They range in price – some provide full 1080p quality, but a standard 720p webcam is OK to start out with, and won’t make you look pixelated.
Here’s Logitech’s website where you can compare webcams in a range of prices. You might want to use a DSLR camera, if you have one, fine. If not, stay away from that for now. It can get a little messy.
We recently picked up the Toazoe T1195 from Amazon – average price about €28 – it’s a great light. You can adjust brightness and tone, and it’s very forgiving!
Okay, so if you’ve ignored what we said above or you just want to live stream on the go without carrying bags full of gear around, you can of course just use your phone. We would recommend that you add a mic, use a tripod and maybe some lights.
The Rode Smartlav + Mic – about €65 – plugs into your phone and the mic goes on your jacket, the LuMee case for your phone – about €73 – is used by all the top Instagrammers. It’s a hard case for your phone that comes with built-in lights, so you always look glowing and radiant!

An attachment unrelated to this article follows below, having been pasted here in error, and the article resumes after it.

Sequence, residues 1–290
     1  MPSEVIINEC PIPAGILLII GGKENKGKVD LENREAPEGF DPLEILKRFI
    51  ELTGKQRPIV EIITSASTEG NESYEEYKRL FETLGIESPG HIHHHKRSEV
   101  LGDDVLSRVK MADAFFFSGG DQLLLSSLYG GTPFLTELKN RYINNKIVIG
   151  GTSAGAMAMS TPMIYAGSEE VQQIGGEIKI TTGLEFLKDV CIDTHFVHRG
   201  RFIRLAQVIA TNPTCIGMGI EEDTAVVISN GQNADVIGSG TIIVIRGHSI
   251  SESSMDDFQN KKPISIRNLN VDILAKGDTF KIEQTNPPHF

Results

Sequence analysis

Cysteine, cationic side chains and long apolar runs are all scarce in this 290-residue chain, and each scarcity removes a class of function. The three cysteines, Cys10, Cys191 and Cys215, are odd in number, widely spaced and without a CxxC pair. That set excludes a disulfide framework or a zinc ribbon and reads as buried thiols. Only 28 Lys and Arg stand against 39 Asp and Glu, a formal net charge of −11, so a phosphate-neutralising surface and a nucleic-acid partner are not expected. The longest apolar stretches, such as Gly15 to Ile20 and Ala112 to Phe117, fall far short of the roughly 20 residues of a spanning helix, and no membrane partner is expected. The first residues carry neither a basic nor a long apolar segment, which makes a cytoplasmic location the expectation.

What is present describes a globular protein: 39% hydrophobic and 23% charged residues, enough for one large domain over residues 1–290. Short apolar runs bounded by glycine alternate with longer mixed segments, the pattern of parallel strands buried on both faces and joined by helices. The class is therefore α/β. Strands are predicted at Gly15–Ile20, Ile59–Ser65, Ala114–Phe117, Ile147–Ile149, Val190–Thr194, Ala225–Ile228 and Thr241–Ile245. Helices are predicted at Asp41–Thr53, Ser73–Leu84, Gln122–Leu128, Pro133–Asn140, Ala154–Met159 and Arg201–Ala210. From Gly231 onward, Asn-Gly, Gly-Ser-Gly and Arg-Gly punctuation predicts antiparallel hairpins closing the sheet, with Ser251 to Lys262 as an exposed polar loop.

2. Pre-Live Promotion
What’s great about Facebook Live is that you can schedule your live stream and notify your followers that you plan to go live at a certain time. They will get an alert coming up to the time.
It’s also a good idea to promote your live stream across platforms using a simple graphic with the time and topic. We also recommend you make one for ’10 mins before’ and schedule that on the platforms you’re using. Like this:
There are two ways you can live stream on Facebook. The easy way and the better way. Which one will you choose?
(1a)The Easy Way – On Your Smartphone
It’s as simple as 5 taps.
- Tap What’s on your mind? at the top of your News Feed (or Write Something… at the top of your business or brand page).
- Tap Live Video.
- Write a description for your broadcast. This is so important, as headlines grab your audience’s attention. This is the first thing that potential viewers will see on their news feeds. Ideally, it should reference the primary topic, but also be interesting enough to capture attention and persuade people to watch.